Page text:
Friendly Day

He played in a Cup Final for Man City with a broken neck for the final 17 minutes and really was one of the all-time great goalkeepers. An ex German prisoner of war imprisoned in England in Ashton in Makerfield;  at the end of the war he had no wish to return to Germany and settled in the area becoming the goalkeeper for St Helens Town.  In October 1949 he signed for Manchester City but it was Burnley who had expected to sign him. Trautmann was ill in bed on 6 October in his lodgings, when two officials from City arrived and more or less wore down his resistance. Bert’s confidante and father-figure Jack Friar with whom he lodged was absent and was unable to prevent the signing. When he returned he was astonished to hear what Bert had done with Burnley in the background desperate to sign him.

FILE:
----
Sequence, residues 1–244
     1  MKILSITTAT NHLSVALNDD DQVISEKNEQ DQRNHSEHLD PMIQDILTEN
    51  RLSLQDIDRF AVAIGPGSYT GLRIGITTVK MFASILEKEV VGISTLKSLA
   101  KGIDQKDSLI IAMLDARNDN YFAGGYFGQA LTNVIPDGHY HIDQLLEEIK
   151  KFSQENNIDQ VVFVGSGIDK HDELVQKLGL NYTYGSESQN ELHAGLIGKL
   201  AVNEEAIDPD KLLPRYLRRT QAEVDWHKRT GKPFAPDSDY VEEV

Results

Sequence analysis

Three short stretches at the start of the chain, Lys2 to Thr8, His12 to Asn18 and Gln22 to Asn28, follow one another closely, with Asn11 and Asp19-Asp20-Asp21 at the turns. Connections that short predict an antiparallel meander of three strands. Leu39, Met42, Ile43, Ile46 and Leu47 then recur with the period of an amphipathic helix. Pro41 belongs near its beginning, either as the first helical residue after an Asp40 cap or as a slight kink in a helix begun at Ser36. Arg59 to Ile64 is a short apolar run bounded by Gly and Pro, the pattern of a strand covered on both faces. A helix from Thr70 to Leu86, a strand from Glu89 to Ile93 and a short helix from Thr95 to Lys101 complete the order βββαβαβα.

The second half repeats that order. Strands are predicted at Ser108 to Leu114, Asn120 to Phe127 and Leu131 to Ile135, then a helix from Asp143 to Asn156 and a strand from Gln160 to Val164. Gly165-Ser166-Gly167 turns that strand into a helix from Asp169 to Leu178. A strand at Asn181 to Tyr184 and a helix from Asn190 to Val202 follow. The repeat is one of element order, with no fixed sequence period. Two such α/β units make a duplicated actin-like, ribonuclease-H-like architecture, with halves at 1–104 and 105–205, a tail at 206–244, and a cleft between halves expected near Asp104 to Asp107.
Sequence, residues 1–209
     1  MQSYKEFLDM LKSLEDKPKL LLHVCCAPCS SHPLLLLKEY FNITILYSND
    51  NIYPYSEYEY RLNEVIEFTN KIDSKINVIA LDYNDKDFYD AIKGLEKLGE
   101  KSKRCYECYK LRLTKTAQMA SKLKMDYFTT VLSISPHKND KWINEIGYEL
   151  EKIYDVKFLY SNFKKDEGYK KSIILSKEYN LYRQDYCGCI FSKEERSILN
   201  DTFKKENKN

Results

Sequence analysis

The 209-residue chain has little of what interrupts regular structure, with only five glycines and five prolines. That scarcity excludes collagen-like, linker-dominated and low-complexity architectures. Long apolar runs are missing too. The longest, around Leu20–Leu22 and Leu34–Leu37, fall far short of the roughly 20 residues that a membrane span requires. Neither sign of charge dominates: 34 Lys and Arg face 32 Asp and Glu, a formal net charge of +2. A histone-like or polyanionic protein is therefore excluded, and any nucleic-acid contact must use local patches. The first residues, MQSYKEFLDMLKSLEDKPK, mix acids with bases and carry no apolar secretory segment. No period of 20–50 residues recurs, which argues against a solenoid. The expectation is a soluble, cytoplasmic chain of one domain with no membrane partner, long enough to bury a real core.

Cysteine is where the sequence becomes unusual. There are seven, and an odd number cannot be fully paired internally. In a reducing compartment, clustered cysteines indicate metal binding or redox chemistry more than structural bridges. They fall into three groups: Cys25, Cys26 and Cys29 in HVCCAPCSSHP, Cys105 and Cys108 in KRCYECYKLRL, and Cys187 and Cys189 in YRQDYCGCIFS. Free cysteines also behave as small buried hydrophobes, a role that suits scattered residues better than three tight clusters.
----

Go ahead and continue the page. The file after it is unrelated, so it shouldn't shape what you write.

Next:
The following day the Burnley chairman sent Trautmann a letter expressing his astonishment. Trautmann and Jack Friar were expected at Turf Moor on October 8th to sign for Burnley. It’s thought they had already talked of obtaining a job at the NCB in Burnley for Bert, as ‘aliens’ were only allowed to play part-time for professional clubs at that time. The letter expressed surprise and had the chairman known what City were up to, he would have been to see Trautmann before them to make sure of his signature.  

Turf Moor is once again owned by the club